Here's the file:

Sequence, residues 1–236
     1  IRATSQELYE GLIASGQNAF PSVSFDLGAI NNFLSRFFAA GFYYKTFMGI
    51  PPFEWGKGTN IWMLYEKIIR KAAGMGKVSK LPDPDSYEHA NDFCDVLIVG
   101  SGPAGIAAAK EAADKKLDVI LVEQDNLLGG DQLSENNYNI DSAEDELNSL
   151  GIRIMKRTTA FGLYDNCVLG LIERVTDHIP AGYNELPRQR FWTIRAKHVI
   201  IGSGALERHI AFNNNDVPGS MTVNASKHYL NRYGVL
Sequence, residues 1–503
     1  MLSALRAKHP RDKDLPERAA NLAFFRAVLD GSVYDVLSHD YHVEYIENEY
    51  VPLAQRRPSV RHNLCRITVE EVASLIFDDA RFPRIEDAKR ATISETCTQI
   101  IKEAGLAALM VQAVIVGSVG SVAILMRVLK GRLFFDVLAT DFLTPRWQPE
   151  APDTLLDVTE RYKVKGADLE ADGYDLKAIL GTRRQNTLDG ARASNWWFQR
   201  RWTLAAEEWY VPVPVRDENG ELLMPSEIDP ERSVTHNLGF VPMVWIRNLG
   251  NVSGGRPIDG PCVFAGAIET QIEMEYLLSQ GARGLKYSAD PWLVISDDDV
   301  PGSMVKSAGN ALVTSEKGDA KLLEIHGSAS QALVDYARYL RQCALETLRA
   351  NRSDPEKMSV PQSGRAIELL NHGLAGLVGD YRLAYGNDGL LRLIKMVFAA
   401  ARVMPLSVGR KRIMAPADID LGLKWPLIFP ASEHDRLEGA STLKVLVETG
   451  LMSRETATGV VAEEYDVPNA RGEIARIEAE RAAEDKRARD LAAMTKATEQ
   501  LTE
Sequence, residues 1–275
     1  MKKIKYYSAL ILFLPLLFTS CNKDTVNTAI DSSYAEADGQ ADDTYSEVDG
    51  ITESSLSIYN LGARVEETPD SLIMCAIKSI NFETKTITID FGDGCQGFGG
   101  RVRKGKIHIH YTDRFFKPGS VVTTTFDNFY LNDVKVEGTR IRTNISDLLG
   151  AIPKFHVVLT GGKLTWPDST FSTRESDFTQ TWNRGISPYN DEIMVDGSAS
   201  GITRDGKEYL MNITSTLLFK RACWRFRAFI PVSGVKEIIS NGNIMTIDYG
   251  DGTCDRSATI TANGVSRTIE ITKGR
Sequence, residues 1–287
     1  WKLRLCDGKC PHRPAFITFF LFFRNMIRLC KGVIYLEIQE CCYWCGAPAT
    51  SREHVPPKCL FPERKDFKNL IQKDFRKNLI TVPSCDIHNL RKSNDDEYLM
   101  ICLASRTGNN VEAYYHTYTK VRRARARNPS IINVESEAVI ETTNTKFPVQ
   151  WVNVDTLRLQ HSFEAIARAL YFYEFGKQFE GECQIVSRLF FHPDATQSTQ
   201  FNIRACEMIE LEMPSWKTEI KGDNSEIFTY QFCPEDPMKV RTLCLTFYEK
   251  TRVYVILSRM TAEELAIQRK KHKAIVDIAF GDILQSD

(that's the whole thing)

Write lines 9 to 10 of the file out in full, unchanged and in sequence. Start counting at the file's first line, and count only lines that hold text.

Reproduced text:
    51  VPLAQRRPSV RHNLCRITVE EVASLIFDDA RFPRIEDAKR ATISETCTQI
   101  IKEAGLAALM VQAVIVGSVG SVAILMRVLK GRLFFDVLAT DFLTPRWQPE